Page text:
Public perception of addressing environmental justice through in-kind settlements
This Misum Academic Insight is based on the research article "Addressing Environmental Justice through In-Kind Court Settlements" which is forthcoming in the American Economic Journal: Economic Policy.
In the US, approximately 5,000 administrative cases are brought against individuals, firms, or local governments annually for violating federal environmental statutes, such as the Clean Air Act and the Clean Water Act. In the settlement of these cases, the Environmental Protection Agency gives defendants the opportunity to reduce the assessed cash penalty by volunteering environmentally beneficial in-kind projects (non-monetary contributions) in the location of the violation, with the aim of addressing environmental justice concerns in communities with low incomes and a high share of minorities. However, the implications of in-kind settlements are not straightforward yet policies on their use are being made in the absence of any quantitative analysis.
This academic insight focuses on public perception of in-kind settlements, and addresses two intertwined questions: (1) does the public prefer in-kind local projects or cash paid to the US Treasury in the settlement of environmental violations, and (2) does the type of settlement change the public’s views about a company?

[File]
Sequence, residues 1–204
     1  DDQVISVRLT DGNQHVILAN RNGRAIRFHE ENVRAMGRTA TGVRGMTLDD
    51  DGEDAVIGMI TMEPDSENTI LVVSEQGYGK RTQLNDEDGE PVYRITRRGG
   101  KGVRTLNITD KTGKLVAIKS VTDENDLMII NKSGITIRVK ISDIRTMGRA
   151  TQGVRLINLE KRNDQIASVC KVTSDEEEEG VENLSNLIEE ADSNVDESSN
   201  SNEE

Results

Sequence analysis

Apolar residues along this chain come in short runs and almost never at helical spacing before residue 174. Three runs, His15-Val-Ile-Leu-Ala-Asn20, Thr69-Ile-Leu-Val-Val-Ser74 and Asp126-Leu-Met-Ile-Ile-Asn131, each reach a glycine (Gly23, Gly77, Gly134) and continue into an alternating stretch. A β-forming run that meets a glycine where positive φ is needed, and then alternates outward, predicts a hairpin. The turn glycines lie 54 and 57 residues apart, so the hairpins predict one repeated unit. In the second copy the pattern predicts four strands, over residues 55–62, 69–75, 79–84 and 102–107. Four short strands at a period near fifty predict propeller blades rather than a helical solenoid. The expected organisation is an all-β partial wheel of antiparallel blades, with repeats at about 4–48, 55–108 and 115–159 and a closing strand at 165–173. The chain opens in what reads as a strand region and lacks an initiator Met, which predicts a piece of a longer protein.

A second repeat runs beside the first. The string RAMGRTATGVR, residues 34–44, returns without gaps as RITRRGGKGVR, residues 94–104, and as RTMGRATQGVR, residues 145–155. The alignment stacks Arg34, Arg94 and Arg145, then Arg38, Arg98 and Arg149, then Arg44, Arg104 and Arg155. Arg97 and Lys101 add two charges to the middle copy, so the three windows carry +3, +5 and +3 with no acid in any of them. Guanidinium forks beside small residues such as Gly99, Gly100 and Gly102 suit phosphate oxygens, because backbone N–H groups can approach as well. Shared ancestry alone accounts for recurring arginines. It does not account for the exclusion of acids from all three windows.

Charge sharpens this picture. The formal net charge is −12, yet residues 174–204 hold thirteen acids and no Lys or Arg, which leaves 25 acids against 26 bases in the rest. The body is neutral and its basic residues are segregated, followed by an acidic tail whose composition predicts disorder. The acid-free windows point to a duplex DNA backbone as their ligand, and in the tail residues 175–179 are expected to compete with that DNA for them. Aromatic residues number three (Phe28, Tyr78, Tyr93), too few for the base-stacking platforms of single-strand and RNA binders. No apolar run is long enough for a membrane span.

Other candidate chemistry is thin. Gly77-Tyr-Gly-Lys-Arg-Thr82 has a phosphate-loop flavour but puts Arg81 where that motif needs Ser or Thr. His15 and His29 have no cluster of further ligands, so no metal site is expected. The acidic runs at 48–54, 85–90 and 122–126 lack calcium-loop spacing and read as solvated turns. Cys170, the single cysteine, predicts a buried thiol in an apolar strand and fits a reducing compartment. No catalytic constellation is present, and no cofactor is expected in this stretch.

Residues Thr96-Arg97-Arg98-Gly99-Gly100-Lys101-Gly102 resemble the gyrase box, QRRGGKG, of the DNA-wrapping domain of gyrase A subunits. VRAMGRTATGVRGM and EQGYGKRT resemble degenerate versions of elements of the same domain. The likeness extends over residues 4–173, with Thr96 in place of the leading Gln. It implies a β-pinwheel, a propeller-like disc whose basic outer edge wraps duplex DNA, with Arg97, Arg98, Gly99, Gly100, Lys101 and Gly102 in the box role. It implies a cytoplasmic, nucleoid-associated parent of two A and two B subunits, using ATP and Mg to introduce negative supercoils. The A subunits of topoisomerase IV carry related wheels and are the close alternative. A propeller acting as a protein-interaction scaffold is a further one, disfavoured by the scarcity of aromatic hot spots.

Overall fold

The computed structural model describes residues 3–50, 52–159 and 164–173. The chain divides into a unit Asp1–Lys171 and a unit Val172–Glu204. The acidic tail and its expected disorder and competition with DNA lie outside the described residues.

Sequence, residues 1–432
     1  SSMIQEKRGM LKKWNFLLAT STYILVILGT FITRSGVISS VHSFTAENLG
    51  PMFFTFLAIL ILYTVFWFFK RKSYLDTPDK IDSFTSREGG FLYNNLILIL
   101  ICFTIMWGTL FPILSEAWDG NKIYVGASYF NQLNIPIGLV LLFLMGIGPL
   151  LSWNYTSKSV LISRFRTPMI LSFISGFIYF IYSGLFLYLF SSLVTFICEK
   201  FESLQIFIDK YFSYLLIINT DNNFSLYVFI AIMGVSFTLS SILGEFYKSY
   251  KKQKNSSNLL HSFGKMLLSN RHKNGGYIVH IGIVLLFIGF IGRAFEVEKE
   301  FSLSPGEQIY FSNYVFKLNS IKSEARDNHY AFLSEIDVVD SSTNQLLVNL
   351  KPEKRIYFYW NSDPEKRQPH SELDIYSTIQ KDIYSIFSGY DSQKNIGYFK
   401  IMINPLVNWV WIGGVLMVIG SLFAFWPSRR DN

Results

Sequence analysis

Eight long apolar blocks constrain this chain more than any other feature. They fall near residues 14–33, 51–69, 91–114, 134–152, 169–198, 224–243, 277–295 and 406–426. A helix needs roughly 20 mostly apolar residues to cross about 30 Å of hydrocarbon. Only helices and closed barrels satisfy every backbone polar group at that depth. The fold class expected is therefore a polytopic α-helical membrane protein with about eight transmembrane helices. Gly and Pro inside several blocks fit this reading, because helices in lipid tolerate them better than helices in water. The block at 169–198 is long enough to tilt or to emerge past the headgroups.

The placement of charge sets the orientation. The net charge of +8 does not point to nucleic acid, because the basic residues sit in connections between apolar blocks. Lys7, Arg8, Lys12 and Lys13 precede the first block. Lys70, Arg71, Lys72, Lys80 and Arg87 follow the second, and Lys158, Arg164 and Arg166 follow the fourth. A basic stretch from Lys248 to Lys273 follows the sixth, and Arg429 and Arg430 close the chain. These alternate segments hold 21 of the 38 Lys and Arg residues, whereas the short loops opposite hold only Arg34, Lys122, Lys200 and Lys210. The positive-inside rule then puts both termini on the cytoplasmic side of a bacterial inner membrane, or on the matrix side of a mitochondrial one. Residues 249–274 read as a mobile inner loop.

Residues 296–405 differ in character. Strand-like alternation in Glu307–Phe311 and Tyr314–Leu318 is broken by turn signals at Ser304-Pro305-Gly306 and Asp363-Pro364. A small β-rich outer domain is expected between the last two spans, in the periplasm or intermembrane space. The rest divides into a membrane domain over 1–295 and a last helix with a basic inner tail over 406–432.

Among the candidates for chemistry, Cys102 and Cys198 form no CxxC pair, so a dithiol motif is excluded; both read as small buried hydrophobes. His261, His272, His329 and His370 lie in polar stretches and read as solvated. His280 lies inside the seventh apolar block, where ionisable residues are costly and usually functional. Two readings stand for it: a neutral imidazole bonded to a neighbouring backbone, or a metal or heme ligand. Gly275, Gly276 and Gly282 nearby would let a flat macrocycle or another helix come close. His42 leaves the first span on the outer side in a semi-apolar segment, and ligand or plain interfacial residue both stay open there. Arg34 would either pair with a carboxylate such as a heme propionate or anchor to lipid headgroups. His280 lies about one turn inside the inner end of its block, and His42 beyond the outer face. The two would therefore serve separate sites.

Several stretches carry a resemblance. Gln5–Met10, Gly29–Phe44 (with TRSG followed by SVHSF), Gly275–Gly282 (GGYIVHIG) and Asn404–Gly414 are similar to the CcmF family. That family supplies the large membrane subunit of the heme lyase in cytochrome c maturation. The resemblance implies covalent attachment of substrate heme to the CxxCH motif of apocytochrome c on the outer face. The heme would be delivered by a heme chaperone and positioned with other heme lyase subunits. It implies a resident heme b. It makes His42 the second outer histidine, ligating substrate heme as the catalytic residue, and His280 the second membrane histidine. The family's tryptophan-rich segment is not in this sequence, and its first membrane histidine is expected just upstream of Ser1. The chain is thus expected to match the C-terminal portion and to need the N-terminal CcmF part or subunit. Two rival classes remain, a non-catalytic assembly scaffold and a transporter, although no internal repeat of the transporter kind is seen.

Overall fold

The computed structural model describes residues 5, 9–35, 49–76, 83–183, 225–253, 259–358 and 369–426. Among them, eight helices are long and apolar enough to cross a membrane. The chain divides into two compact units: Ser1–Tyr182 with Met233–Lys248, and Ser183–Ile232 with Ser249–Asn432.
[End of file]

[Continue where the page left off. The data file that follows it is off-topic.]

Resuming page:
The results provide the first-ever insights into the public preference for the use of in-kind settlements, within the US institutional context. Against the background of changing policy on the use of in-kind settlements, the study highlights that amongst the several trade-offs that should be considered when using in-kind settlements, public perception on settlement type is of high importance. In particular the study highlighted that favorable public perceptions of in-kind settlements could suggest that they should be adopted more broadly and in other contexts. However, in-kind settlements improving the public’s view of a violating firm could raise concerns of diminished deterrence of the enforcement action.
Research Affiliate in the Human Capital and Sustainable Development Platform and Assistant Professor of Economics at SITE - Stockholm School of Economics
Associate Professor, Department of Economics, University of Calgary